Planting a winter garden

Planting a winter garden

Gardens don’t have to look dull and drab just because it’s winter. Plenty of plants come into their own at this time of year, with flowers, berries and even coloured stems bringing gardens to life through the coldest months. Here are a few of our favourite plants for winter gardens.


Plants with colourful bark

Some plants look their best when their leaves have fallen and the beauty of their coloured bark and stems is revealed. Cornus sanguinea ‘Midwinter Fire’ (dogwood) is one of the best shrubs for a winter garden, with spectacular yellow-tipped orange stems that blaze with warm colour on cold winter days. Prune it hardback in early spring to encourage new shoots with good colour for next winter’s show.

Other trees with brightly coloured bark include Acer palmatum ‘Sango-kaku’ (Japanese maple) with vivid red young stems, and Acer davidii (snakebark maple) with striking green and white-striped trunks. Birch trees also look fabulous in winter, whether it’s the gleaming white trunks of Betula utilis var. jacquemontii (Himalayan birch) or the cinnamon-brown peeling bark of Betula albosinensis (Chinese red birch).


Best plants for berries

Plants that bear berries are a must in any winter garden. As well as adding colour, berries are a great food source for wildlife, bringing birds flocking to your garden. There’s no shortage of berry-bearing shrubs to choose from, and here are three of the best:

  • Pyracantha (firethorn) – bears yellow, orange or red berries in winter.
  • Ilex aquifolium (holly) – Female varieties bear glossy red berries provided a male variety is nearby for pollination
  • Callicarpa bodinieri var. giraldi ‘Profusion’ (beauty berry) – perfectly named for the gleaming purple berries that stay on the plant well into winter


Winter-flowering plants

You can’t stop flowers doing their thing, even in the depths of winter. Hellebores, those stalwarts of the shady garden, look fantastic at this time of year, with clusters of flowers in shades from pure white through pink and red to darkest purple-black. Pink and white cyclamens form carpets of colour under trees, together with snowdrops and winter aconites. Mahonias bear bright yellow scented flower spires, and in early spring Chaenomeles (Japanese quince) lights up shady spots with its white, pink or red-and-gold flowers.


Plants for winter pots

If you’re short on garden space, violas are one of the best choices for winter pots, and they’re available in just about any colour you can think of. Winter-flowering heathers also look lovely in pots, as well as providing vital food for bees venturing out in mild spells.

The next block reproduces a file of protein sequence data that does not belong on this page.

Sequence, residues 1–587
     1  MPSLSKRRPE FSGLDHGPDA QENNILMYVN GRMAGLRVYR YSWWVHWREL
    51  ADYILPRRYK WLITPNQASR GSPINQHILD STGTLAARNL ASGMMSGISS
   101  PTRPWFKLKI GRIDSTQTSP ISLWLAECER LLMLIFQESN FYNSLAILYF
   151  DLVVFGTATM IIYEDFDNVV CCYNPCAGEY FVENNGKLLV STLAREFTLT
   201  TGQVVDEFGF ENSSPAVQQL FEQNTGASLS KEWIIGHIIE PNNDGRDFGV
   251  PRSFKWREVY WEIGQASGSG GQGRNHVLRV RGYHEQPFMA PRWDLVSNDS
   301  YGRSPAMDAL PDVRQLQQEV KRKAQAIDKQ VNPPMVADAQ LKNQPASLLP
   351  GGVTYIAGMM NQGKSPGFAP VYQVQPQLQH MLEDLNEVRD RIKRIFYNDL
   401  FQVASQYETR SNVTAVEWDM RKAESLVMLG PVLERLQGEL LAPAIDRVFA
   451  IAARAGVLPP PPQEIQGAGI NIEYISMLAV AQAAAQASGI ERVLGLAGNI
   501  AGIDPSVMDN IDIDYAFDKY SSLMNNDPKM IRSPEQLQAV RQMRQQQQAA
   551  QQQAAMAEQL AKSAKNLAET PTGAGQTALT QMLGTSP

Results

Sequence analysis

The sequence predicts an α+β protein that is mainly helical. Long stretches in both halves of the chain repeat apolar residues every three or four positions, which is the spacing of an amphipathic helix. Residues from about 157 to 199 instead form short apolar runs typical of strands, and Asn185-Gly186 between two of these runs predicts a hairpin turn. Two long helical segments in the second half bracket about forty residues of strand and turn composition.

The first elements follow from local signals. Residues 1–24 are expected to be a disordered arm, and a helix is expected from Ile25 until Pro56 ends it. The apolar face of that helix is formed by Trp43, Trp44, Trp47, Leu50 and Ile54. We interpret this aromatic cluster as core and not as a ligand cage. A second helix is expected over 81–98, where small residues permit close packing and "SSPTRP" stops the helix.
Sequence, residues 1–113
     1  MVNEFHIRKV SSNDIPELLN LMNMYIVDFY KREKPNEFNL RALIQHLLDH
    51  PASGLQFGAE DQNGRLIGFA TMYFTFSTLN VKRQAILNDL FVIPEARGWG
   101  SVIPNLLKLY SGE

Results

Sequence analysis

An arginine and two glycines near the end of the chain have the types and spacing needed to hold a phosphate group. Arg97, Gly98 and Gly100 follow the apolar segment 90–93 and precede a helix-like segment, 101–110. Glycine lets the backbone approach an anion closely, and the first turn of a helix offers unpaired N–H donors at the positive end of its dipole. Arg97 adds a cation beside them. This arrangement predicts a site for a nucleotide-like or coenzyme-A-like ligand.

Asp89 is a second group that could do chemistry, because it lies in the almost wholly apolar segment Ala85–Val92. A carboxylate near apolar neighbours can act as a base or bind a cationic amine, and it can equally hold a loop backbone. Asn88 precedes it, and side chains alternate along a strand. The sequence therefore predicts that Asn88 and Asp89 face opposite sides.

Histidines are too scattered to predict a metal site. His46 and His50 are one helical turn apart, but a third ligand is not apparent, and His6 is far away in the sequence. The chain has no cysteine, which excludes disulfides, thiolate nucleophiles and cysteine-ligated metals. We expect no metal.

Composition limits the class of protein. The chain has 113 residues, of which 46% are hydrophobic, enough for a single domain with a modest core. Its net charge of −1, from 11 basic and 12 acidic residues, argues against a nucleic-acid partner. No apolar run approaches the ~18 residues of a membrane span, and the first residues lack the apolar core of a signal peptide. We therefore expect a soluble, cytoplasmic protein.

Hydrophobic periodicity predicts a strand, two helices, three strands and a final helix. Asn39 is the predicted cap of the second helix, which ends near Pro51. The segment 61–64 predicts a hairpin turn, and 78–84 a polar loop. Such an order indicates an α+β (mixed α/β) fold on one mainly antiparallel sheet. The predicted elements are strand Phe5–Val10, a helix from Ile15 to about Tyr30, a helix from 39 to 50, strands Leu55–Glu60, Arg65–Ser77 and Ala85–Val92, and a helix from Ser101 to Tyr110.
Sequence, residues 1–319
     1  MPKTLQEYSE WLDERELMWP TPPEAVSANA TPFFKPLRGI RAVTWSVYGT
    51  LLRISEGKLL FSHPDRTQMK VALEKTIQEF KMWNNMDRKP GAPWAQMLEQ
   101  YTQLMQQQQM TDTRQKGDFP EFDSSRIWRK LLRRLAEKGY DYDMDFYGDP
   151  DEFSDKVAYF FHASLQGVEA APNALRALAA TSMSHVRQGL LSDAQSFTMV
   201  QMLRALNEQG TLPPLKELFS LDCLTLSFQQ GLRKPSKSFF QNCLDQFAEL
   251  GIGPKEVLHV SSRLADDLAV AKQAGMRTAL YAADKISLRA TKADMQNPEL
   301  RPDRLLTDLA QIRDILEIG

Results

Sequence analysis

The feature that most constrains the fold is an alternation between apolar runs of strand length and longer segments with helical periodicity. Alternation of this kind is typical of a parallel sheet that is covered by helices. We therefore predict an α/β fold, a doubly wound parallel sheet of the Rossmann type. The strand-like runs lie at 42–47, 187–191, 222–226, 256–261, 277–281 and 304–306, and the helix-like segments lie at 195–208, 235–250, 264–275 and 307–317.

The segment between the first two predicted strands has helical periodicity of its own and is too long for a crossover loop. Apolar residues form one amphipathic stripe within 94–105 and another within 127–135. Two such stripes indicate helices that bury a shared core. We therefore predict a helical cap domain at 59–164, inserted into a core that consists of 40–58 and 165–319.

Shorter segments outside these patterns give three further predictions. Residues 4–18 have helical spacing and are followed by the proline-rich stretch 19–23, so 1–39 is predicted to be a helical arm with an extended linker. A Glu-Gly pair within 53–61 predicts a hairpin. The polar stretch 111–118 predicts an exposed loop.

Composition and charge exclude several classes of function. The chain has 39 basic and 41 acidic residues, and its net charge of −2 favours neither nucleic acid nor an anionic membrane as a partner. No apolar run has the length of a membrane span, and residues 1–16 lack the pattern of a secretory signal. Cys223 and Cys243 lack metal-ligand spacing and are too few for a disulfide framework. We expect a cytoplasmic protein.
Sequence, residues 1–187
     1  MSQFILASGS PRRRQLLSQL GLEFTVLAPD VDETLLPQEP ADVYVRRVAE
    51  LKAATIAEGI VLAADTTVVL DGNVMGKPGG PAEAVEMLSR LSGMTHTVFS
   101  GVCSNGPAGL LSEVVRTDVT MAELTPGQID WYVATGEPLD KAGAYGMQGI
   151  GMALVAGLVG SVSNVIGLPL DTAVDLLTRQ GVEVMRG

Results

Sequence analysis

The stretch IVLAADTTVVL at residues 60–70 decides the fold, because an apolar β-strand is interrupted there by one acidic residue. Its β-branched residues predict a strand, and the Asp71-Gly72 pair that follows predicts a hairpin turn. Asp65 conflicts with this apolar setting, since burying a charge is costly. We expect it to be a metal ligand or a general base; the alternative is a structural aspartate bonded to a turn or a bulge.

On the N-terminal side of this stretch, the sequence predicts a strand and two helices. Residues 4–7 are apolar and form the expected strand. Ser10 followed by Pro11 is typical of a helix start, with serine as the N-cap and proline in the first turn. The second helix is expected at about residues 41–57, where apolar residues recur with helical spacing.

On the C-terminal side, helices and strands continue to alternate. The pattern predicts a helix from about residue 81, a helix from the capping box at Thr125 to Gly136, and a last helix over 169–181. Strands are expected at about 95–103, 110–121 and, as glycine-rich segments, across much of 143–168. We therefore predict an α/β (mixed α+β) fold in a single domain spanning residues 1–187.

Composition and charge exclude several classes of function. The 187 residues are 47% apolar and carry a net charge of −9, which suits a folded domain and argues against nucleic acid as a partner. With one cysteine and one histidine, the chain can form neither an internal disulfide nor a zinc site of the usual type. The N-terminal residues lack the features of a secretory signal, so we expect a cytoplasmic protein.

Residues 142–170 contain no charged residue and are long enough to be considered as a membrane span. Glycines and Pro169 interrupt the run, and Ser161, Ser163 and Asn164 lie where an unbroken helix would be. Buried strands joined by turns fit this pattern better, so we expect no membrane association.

Colourful heucheras look stunning in pots all year round and make superb feature plants for large winter pots, surrounded by flowering winter bedding. Evergreen grasses like Festuca glauca ‘Elijah Blue’ (blue fescue) and Carex ‘Evergold’ also make excellent winter container plants.

So if your garden’s got the blues, visit us and choose from our great range of plants to fill it with colour this winter.

You might also be interested in:

15 gardening tips for July

When the days are long, and the sun is shining, July is the month for really enjoying your garden. To help you keep it looking tip-top, we’ve put together our top 15 garden tips for July.

Houseplant of the month: Celosia

If you’re looking for spectacular flowers and gorgeous, vivid colours, a celosia is just what you need. These exotic-looking annuals add colour to pots and bedding schemes, and the flowers look stunning in arrangements. Here’s how to grow and care for a celosia

How to grow your own pizza?

Wouldn’t it be great if you could just pop into the garden and pick a pizza ready-made off the plant? Sadly, that’s not possible, but it’s easy to grow some or even all of the ingredients to make your own pizza sauce. Spread it on a base, top with some cheese and hey presto, you have yourself a home-grown pizza.

Top 5 barbecue tips

When the sun is out, and your garden is looking glorious, it will be time to roll out the BBQ and start grilling during the summer months. The smell of barbecue's waft far and wide, making the neighbours join in as well! After many months of the BBQ being stored in the shed, it is time to give it a good clean and enjoy some family cooking time in the garden. Here are our top 5 tips for having the best BBQ fun.